Here Hawkins clubs the ball out for a fumble:

LB Marcus Hawkins forces a fumble on the tackle. The refs blew the play dead, but after replay review, confirmed that this was a fumble recovered by Sacramento State.

Marcus Hawkins is also the only Sacramento State player to log an interception this year:

And here he tosses aside the running back trying to block him like a small child who just asked him “are we there yet?” for the 200th time:

Secondary


Sacramento State’s best cover corner (in my view) is CB Prince Washington, a transfer from Wyoming. I don’t really have any highlights of him, but I also didn’t see him targeted much, nor did I see him make any mistakes in coverage. He was usually stuck at the hip to the receiver he was covering.

On the other end of the field is CB Munchie Filer III, a transfer from Montana State. Although not as consistently glued to his assignment as Washington, I did see him make a nice play on the ball a couple times when he was picked on:

In the above clip at the top of the screen, you may see Prince Washington’s backup, CB Dominick Sanders, getting torched. Often times when a quarterback recognizes pre-snap that they have single-man coverage to the outside, they’ve already decided they are going to throw a jump ball/back shoulder fade to their preferred receiver. However, I am pretty sure the receiver at the top of the screen was Northern Iowa’s leading receiver in 2019, and so I am not sure why the Northern Iowa QB decided he’d target the other starting corner instead of the backup corner on his top receiver. But this isn’t really an article about Northern Iowa, so I’ll let that one slide.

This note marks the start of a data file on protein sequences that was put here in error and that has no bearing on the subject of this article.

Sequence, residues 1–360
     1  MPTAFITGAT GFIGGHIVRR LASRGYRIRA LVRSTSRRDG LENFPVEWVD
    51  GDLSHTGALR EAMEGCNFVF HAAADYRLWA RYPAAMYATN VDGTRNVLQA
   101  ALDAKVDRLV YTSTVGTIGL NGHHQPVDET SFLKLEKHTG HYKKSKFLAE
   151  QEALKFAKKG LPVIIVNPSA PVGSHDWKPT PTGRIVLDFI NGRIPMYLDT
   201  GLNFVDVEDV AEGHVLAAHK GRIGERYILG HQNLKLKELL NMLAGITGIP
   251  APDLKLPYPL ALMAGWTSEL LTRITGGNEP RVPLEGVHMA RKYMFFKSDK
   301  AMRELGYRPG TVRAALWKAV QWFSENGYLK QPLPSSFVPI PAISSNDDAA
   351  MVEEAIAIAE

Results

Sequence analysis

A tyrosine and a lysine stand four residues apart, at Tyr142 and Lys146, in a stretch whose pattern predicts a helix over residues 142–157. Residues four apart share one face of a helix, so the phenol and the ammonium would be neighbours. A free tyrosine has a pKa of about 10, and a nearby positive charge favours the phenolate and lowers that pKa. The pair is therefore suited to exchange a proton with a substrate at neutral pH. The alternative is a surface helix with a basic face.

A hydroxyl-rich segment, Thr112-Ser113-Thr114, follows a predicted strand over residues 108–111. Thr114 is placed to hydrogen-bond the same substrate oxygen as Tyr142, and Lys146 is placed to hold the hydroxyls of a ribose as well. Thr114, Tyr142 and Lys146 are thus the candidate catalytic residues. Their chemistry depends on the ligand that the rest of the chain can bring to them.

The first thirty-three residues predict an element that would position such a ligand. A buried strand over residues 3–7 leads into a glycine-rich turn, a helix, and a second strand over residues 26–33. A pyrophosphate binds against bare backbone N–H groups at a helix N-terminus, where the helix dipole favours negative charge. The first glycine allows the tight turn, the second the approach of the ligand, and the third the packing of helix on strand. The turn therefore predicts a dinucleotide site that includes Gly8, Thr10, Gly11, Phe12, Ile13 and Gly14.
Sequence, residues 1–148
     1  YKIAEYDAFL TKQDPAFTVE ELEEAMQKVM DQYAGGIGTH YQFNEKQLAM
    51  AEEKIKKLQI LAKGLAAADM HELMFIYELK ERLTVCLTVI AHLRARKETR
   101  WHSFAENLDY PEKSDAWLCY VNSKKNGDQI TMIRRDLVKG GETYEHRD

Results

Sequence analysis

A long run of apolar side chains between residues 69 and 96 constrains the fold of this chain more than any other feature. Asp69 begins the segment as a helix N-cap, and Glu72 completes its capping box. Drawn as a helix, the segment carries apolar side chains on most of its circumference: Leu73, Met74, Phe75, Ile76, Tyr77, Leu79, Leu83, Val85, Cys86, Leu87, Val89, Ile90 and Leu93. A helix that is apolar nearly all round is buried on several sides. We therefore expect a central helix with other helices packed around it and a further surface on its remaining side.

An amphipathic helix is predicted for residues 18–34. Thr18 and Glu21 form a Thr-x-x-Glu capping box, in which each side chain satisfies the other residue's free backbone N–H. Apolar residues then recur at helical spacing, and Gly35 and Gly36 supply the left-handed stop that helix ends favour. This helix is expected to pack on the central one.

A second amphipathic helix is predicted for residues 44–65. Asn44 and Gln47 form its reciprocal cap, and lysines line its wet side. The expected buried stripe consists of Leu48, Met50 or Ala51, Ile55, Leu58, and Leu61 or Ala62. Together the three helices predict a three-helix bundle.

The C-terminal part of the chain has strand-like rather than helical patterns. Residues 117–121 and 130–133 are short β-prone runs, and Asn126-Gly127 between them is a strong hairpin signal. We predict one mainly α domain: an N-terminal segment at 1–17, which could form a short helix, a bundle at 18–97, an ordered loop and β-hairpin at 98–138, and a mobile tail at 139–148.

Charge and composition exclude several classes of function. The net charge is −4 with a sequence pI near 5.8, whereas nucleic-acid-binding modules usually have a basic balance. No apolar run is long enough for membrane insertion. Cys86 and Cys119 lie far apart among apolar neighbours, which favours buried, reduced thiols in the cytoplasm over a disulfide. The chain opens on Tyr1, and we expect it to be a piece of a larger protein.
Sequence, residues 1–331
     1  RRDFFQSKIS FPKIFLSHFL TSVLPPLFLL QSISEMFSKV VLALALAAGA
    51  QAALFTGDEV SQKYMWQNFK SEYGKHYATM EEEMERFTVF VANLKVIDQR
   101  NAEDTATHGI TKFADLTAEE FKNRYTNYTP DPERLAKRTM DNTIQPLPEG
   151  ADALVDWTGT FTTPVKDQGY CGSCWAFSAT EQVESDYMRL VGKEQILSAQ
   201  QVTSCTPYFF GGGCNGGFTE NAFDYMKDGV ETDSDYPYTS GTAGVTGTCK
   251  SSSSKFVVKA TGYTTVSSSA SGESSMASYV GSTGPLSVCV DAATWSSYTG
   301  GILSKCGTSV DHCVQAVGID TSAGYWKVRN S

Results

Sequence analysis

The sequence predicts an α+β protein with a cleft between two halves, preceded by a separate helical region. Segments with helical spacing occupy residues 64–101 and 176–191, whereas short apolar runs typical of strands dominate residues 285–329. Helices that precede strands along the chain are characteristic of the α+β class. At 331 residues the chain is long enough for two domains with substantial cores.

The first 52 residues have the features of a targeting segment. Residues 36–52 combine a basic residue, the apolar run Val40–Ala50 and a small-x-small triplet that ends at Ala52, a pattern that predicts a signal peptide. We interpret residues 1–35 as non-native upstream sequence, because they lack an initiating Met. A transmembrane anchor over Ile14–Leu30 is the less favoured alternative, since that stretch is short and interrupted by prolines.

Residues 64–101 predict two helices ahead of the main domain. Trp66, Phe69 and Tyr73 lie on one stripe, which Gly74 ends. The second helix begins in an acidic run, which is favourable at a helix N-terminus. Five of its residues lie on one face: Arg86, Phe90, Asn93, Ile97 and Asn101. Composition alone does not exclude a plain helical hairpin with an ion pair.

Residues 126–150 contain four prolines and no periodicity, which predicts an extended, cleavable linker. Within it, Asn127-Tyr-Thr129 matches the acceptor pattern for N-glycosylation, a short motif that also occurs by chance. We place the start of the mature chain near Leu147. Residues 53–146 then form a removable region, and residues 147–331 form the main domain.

Another impactful player for Sacramento State is the nickelback, Marte Mapu. Look at this Photo-GIF:

It’s hard to tell from this clip, but he read the quarterback’s eyes and makes a nice play on the ball. These FCS games often show some wonky camera angles so I couldn’t always tell what the secondary was doing, but he generally seemed to be a disruptor that would always find himself near the play.

I can’t say too much about the safeties, since I only noticed them when something went wrong:

In general, I saw a lot more mistakes in these FCS matchups than I was used to seeing. This is probably some sort of selection bias, since the Pac-12 typically schedules the better (playoff-caliber) FCS teams, and good FBS teams (and mediocre FBS teams) don’t make mistakes nearly as often. I don’t know which version of the Cal offense we will see on Saturday, but if they want to take shots down the field, they will be there.

Conclusion

While most Pac-12 teams shook off the rust with a week 1 FCS matchup, Cal decided to save the FCS game for the end of the OOC schedule. After a strong showing against a good TCU defense, I feel more hopeful that the season-opening stinker truly was rust, but I suppose we’ll see how Cal handles another physically outmatched defense. I expect Cal should be able to handle their business, but you never know when some FCS team will put it all together while the FBS team flounders. Just ask Washington.

Go Bears.